Wednesday, August 1, 2018

Self-organising to a pub?

I have seen managers struggling with self-organisation, to the point of hesitating to lead, because “it would not be self-organising”. As much as I hope for a replacement to prevailing tayloristic / Theory X management, this goes too far and is throwing the baby out with the bathwater.

One company's board was expecting the company to self-organise into a sociocracy. A CEO was expecting his team of software developers to start selling themselves. Neither  would not even communicate their wish to the company, because that would be leadership, and not self-organisation, which is what they want.

People are expecting their subordinates to spontaneously self-organize into a self-organizing organization.

Come again?

That's not how self-organisation works. Or rather: that is exactly how self-organisation works. You are witnessing the company or a team go about it's business and self-organise in a myriad of ways. It's just that none of the ways they self-organise is what you would want to: whether it be Sociocracy or Teal or starting to take business responsibility of themselves.

Here's the thing. People always self-organise. Drop a bunch of people into a room and they will soon start doing something you did not anticipate. Perhaps they start playing a game, goof off, or self-organise themselves into the nearest pub. Now the question is: does that self-organisation happen in a direction beneficial to you? If not, how could you prod the people so, that they would self-organise in a way valuable to you?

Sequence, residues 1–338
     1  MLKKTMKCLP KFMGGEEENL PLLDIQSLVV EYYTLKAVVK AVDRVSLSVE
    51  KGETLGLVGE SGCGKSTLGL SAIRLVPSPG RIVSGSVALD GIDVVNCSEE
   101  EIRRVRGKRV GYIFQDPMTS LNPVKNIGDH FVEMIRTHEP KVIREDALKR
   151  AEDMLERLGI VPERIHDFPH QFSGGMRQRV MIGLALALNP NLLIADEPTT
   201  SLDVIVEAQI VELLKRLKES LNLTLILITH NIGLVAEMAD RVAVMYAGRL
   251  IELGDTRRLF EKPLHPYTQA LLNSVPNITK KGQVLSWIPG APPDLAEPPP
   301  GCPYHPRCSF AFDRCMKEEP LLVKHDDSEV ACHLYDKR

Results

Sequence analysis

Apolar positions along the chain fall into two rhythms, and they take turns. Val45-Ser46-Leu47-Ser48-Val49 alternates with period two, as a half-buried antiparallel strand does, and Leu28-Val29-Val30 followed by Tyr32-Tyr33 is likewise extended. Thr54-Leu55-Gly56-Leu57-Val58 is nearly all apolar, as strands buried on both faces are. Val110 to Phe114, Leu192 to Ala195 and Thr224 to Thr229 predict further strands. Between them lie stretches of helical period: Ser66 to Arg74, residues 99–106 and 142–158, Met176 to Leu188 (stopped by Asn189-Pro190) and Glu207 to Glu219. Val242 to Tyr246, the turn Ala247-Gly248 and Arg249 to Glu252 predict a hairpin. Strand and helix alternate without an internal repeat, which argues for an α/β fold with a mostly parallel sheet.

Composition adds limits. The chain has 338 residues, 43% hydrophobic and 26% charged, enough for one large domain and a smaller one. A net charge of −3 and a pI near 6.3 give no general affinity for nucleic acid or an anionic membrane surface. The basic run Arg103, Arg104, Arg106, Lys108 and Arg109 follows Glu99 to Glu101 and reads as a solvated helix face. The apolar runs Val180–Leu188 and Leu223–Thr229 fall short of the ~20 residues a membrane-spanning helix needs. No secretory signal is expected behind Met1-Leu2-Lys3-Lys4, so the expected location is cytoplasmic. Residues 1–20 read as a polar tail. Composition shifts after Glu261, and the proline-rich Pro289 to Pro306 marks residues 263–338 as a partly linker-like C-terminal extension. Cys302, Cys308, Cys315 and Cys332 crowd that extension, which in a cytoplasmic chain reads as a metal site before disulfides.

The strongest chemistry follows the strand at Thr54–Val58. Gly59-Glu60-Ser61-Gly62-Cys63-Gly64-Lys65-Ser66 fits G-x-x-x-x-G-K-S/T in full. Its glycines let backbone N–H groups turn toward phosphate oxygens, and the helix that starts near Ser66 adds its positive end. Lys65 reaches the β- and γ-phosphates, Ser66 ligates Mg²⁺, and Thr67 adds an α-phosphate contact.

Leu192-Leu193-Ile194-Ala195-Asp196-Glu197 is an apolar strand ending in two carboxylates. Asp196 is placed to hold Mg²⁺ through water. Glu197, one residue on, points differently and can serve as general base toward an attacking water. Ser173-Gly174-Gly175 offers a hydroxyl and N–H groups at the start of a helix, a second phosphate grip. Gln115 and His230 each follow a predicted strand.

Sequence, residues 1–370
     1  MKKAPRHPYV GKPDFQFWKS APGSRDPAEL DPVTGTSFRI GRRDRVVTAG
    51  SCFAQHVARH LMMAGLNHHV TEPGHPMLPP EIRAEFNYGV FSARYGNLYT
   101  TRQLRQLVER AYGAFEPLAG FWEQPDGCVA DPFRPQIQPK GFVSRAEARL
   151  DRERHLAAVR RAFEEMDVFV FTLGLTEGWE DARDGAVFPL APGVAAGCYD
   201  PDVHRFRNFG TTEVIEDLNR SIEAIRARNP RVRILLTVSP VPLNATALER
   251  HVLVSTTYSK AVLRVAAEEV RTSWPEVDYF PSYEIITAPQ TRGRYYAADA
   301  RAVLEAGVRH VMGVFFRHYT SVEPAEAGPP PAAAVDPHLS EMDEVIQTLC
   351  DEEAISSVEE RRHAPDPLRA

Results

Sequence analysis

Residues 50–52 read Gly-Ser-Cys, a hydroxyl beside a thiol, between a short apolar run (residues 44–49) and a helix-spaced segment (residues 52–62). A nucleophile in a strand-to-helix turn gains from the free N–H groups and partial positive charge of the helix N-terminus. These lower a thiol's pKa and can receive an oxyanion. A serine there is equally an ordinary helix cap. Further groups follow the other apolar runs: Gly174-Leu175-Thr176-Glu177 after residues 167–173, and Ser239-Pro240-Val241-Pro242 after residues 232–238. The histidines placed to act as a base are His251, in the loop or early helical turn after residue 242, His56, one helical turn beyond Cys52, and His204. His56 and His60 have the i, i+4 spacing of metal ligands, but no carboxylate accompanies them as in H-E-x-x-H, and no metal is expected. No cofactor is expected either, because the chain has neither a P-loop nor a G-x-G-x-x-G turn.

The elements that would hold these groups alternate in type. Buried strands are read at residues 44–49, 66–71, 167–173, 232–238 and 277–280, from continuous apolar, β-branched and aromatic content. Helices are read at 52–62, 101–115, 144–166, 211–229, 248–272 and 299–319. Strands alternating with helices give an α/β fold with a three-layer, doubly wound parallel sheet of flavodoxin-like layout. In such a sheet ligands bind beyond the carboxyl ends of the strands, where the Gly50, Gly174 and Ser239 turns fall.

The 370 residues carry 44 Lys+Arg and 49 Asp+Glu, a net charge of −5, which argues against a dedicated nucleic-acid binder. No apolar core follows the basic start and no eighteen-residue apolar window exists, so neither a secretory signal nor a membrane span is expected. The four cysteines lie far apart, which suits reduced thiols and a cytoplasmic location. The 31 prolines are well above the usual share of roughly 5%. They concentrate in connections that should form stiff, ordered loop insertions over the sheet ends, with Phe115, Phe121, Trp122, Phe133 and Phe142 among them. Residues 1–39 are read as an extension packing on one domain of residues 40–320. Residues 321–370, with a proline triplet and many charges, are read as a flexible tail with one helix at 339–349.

Enter leadership: giving goals, challenges, facilitating group work, framing, coaching, time-boxing, and such. Leadership is other things than bootcamp-style shouting or management by perkele, too.

Complexity science provides some theory for this. Most human systems are complex adaptive systems, and are by definition self-organising. If you want that self-organisation to happen in a way beneficial to you or your organisation, you are going to have to manage it. As Dave Snowden puts it, "we manage the emergence of beneficial coherence, within boundaries, within attractors."
(If the previous was kafka to you, check out this, this and this, for a quick primer to Cynefin and managing complex systems.)

In English: a leader can set boundaries for a group, and prod them in various ways. If a prod produces beneficial behaviour, blow more energy to it. If the behaviour is not beneficial to you, dampen it and try something else. It’s not as difficult as it sounds, and most people do this naturally.

So what could this sound like in practice? Here's one example:

"Hey people, we've got this situation with the company, and I'd like you to come up with a solution for xyz. Could you take a week and come up with some ideas? How does this sound, make sense? Let me know if I can help."

So how to walk the path between autocratic and anarchistic management? How to foster self-organisation and use all the brain-power of your subordinates? And avoid anarchy with everyone self-organising into different directions? The key is to find the right balance of freedom and boundaries. You could try some of the following:
  • Give objectives instead of tasks, let your subordinates figure out how to reach them (military folk call this mission-command or mission-tactics doctrine)
  • Ask “What do you think about this?” and “Any thoughts?” a lot.
  • Learn to stay quiet and to tolerate silence. It is difficult, but very powerful. Google “hold space”.
  • Learn some facilitation and coaching skills
Self-organisation happens whether you want it or not. That's just the nature of human beings and human systems, like teams and companies. If you are waiting for a group of people to spontaneously self-organize in a way you expect, bring a tent. It could be a long wait. Alternatively, consider taking ownership of the situation and adopting a more active approach.

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